The evidence was without conflict as to the home environment and the kind of home life the children would experience at the father's residence on the one hand and at the mother's home on the other. The children have been residing in the same surroundings, in a four-bedroom house in a residential subdivision, since December of 1978, except for the brief periods when the parents separated. The house is within a mile of a school.
Examining the comparative daily routines at the respective homes, we find from the record that, effective in February of 1980, the twins have resided with their father from Tuesday to Sunday. The mother has had visitation privileges from Sunday morning to Tuesday morning. From Tuesday to Friday, the father's aunt arrives at his home in the early morning before he leaves for work, and stays with the twins until midafternoon, at which time his mother arrives. She remains until after the father returns from work about 5:30 p.m. The uncontradicted evidence shows that during week-day evenings and on Saturdays, the father is attentive to the children, entertaining them, and providing for their health and welfare.
The mother, living in a three-bedroom trailer home about 18 miles from Fredericksburg, works all day at the commissary from Tuesday through Saturday, with portions of either Wednesday or Friday "off." If granted custody, the mother proposes to have the children cared for while she is at work mainly at the home of a housewife offering babysitting services, who lives 10 miles from the mother's home. When she is not at work, the mother plans to stay at home to care for the children and attend to their needs.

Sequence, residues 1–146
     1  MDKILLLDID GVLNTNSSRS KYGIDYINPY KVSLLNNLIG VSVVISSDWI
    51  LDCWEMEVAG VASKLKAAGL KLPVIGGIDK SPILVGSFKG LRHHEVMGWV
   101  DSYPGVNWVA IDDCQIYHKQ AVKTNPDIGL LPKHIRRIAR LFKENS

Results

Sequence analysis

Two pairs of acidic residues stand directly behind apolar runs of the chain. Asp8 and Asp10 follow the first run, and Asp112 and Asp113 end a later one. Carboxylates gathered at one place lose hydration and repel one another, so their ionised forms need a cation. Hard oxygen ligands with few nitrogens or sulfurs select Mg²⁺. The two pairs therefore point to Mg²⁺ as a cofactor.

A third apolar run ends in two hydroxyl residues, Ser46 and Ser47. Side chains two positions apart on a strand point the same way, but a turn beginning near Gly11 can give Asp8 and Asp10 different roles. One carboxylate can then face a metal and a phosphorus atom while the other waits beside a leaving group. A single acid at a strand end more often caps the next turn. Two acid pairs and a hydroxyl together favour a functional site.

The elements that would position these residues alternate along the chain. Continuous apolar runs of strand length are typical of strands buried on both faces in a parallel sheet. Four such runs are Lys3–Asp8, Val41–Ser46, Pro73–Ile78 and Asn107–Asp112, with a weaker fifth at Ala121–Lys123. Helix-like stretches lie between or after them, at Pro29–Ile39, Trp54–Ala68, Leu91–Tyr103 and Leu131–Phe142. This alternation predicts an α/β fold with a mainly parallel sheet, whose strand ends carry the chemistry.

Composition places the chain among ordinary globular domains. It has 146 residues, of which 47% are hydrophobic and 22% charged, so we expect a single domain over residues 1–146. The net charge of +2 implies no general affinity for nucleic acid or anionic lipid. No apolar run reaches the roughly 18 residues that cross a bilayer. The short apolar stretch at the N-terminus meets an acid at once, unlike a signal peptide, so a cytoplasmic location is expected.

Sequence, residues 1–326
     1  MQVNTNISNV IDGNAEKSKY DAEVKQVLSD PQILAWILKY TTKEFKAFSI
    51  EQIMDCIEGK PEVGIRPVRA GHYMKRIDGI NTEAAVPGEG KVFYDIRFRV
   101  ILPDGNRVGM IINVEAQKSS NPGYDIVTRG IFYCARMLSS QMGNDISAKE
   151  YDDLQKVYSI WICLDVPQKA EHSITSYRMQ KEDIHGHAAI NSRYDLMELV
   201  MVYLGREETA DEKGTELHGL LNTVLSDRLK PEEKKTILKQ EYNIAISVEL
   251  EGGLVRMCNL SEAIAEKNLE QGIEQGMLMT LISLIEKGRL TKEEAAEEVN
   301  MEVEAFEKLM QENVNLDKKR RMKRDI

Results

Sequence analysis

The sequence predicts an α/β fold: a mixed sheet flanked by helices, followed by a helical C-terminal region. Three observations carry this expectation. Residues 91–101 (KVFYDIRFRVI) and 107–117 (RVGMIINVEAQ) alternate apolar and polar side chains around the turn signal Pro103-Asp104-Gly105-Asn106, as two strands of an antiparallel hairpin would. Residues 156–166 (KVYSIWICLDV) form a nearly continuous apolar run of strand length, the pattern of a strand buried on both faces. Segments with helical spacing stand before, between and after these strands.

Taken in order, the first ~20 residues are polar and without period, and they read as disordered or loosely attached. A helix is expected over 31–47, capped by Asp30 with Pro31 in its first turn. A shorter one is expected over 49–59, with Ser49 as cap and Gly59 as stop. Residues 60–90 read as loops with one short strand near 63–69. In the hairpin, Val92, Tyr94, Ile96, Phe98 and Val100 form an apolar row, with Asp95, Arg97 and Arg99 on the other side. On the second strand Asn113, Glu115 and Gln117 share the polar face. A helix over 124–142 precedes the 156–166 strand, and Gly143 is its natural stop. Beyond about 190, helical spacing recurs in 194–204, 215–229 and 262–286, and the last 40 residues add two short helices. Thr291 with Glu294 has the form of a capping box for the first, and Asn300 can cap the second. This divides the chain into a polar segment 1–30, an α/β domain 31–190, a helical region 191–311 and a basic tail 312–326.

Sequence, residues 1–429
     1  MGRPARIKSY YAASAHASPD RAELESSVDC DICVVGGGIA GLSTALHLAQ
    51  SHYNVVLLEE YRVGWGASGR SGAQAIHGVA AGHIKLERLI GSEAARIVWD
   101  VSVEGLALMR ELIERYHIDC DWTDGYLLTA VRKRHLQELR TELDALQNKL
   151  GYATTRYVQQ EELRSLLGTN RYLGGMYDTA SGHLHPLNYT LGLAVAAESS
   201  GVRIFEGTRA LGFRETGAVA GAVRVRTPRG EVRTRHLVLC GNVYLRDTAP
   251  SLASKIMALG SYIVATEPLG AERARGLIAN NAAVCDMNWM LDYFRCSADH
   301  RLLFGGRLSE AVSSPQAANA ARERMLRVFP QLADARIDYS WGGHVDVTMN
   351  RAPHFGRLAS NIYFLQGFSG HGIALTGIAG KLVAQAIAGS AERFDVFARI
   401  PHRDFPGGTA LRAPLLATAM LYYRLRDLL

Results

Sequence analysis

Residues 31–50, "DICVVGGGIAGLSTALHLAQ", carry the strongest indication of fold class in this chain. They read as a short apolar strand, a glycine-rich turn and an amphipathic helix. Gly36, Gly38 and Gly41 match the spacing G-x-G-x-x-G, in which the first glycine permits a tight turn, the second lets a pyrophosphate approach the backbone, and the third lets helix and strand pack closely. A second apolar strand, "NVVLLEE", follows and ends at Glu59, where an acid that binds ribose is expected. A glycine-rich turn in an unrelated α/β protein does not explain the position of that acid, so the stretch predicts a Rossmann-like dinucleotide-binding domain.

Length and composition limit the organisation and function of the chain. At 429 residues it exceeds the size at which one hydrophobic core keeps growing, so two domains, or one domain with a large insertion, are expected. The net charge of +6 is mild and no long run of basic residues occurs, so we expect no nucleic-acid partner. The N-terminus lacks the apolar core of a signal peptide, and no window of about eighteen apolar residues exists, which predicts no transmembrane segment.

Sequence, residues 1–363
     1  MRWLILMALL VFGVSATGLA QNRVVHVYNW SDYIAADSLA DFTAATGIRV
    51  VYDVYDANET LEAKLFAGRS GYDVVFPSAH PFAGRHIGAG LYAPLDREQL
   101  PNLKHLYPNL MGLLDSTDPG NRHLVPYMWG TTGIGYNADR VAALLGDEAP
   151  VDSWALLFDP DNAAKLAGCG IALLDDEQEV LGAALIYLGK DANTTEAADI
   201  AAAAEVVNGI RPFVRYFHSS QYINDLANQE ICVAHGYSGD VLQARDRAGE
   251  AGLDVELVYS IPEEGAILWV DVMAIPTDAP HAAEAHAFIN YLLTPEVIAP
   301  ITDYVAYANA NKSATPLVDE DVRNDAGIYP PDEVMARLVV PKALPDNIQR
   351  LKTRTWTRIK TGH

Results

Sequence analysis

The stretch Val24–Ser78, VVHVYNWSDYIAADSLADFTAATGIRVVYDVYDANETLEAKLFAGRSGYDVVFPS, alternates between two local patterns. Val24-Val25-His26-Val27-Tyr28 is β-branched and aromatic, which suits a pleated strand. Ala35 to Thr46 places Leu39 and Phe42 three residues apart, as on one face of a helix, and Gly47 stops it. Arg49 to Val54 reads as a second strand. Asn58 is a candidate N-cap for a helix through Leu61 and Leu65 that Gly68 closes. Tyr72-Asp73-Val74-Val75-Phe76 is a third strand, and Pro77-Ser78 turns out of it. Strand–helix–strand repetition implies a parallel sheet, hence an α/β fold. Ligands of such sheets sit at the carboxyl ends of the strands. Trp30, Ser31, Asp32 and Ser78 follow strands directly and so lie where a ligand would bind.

Under the circumstances of this case, we believe that even though the physical characteristics of the respective homes are "suitable" for the children, nevertheless "other things" are unequal. The trial court's conclusion to the contrary was an opinion based on undisputed evidence, and was wrong.
The home environment of the father's abode is more conducive to the well-being of these twins. They have been living in the same house, located in a residential area, for over three years. When the father is at work, the children are cared for in that home; they do not have to be transported a total of 20 miles daily to a babysitter, as would be the case if the mother has custody. The stability provided by the father at this time is greater than can be furnished by the mother, given their respective work schedules, home environments, and arrangements for care of the twins during the parent's absence.
For these reasons, we think the trial judge correctly decided, in the language of Mullen, the "primary, paramount, and controlling" issue; he was right in finding that the best interests of the twins will be served by granting custody to the father.
Accordingly, the judgment below will be